The typical causes of actions asserted in most environmental lawsuits actually arise under both common or statutory law. Personal injury and property damage claims can both be recovered under common law. Under common law, plaintiffs usually assert causes of action for nuisance (private and public), trespass, negligence, negligence per se, breach of contract, fraud, and strict liability for ultra-hazardous and abnormally dangerous activities. On occasion, plaintiffs have also asserted claims for negligent misrepresentation, unjust enrichment, impairment of use of property, deceptive trade practice act violations, premises liability, fear of developing dreaded diseases, battery, and intentional infliction of emotional distress. The success of these latter claims differs dramatically from jurisdiction to jurisdiction.
Under common law, Plaintiffs seek various damages, including property damages, cost of testing, loss of land use, loss of market value of land, mental damages, exemplary damages and injunctive relief. Plaintiffs have also sought damages for future medical monitoring.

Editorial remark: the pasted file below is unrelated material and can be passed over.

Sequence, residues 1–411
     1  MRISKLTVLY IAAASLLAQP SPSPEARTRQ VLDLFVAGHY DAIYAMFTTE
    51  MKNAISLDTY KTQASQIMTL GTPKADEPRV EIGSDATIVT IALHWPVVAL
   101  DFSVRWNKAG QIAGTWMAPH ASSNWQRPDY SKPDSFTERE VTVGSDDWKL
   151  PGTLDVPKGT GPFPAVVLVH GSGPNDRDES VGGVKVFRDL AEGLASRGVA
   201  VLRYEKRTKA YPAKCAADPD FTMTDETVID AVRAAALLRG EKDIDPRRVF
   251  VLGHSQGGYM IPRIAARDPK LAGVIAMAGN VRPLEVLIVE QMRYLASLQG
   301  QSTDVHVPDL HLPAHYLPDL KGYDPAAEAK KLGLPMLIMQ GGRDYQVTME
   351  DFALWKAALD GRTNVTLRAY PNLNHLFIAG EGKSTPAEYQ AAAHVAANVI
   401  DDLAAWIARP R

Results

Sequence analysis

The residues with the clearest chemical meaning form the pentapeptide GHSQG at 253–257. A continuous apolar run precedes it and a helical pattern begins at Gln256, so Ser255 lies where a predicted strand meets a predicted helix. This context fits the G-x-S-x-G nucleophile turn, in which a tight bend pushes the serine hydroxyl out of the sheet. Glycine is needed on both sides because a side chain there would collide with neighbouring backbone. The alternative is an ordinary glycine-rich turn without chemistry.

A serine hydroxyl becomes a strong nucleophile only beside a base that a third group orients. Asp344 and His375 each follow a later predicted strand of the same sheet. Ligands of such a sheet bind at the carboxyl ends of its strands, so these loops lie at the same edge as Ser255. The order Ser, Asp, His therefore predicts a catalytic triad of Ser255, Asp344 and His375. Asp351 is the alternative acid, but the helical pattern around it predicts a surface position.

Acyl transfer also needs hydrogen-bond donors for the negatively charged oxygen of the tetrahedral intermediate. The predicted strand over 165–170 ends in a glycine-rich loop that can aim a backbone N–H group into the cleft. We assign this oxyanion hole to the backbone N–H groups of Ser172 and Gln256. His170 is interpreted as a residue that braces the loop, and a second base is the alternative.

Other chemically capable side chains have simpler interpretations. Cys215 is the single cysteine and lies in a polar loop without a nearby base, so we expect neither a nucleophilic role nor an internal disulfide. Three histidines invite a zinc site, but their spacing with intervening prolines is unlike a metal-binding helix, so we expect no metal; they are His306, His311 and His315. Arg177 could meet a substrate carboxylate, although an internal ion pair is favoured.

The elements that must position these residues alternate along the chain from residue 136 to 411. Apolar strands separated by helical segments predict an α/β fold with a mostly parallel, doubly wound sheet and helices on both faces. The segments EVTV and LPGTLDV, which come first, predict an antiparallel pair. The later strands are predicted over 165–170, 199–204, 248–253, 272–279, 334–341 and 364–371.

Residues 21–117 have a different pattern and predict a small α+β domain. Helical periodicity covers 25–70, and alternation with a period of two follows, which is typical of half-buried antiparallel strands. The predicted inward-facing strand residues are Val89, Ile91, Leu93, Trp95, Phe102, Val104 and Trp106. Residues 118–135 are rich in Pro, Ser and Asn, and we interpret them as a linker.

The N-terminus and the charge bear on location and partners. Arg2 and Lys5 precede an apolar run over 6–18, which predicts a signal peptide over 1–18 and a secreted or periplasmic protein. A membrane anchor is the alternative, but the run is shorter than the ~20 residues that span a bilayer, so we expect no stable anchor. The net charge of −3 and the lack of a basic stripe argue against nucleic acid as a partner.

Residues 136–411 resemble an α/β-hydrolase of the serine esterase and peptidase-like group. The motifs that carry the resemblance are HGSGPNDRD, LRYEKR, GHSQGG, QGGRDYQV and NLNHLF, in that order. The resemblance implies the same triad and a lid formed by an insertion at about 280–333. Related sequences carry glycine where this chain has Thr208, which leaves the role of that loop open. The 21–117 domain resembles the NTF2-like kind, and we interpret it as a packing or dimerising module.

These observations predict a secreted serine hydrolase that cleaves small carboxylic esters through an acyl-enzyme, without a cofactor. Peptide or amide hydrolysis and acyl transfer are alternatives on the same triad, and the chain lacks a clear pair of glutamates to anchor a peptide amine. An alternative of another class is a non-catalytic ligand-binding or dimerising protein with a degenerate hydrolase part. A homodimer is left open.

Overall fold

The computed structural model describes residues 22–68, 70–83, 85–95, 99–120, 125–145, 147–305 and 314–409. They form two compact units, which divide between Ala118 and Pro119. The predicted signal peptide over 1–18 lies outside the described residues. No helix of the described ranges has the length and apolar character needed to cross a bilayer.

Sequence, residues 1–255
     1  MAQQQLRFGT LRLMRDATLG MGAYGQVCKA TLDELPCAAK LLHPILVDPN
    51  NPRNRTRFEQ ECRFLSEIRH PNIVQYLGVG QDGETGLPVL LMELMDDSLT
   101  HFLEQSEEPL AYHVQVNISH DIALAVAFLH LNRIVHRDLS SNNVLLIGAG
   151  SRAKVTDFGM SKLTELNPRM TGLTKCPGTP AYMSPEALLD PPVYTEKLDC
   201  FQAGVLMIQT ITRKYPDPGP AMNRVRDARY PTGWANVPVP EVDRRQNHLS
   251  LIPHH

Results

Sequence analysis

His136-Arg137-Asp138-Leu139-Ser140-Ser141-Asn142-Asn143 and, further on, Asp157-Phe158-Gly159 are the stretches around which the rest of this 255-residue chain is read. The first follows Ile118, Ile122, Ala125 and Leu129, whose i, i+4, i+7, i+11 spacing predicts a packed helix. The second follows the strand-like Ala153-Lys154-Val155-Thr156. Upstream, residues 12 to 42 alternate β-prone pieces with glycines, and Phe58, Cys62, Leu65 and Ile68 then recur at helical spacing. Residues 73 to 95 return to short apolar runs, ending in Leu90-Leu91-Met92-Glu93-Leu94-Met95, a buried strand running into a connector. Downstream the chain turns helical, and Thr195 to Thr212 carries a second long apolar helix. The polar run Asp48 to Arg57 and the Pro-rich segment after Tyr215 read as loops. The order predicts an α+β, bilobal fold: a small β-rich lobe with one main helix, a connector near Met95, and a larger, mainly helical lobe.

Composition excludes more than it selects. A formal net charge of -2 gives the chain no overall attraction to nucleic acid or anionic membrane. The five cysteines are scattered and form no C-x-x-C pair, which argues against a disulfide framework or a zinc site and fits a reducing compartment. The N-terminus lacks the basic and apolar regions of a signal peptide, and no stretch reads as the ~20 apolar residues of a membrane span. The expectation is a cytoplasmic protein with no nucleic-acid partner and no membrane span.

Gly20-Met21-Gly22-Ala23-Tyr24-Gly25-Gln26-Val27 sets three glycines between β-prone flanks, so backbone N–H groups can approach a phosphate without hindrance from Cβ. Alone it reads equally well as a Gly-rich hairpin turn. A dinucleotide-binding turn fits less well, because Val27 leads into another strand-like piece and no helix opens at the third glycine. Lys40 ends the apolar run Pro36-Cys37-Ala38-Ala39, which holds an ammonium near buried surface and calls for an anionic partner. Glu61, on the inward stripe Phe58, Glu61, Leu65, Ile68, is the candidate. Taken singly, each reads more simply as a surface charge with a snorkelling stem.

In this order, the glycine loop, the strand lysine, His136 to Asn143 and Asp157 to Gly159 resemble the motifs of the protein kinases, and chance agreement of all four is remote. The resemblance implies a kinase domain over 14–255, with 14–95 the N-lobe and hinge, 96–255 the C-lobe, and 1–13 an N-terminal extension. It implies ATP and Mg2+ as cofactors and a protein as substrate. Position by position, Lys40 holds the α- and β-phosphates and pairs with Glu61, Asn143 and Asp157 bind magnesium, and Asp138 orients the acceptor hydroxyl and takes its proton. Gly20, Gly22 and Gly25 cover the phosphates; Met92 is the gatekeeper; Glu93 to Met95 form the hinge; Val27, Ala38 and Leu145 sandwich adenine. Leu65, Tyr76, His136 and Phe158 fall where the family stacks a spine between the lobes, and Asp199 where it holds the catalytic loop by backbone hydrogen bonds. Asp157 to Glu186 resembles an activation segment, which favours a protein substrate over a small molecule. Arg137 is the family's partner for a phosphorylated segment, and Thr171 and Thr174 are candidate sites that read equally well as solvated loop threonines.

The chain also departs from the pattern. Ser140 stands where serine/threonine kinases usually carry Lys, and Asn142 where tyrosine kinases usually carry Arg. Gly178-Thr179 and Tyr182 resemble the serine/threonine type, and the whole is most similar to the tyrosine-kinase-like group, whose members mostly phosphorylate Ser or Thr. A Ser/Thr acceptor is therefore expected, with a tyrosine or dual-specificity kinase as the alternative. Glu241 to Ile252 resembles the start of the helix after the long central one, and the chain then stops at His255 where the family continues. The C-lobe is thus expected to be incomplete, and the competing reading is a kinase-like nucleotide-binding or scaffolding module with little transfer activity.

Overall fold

Under statutory law, plaintiffs oftentimes seek reimbursement of their cleanup costs to remediate contaminated property under the Comprehensive Environmental Response, Compensation, and Liability Act (“CERCLA”) or the Texas equivalent under the Texas Solid Waste Disposal Act (“SWDA”). These damages could, in theory, overlap with damages that are also sought by a plaintiff under common law. Plaintiffs also assert citizen suits under several federal environmental statutes (e.g. Resource Conservation and Recovery Act) as “private attorney generals” which entitles them to statutory penalties, injunctive relief and attorney’s fees. Texas statutes do not provide for citizen suits, however, they do permit governmental units to enforce the Texas environmental statutes on behalf of the State of Texas pursuant to Section 7.351 of the Texas Water Code.
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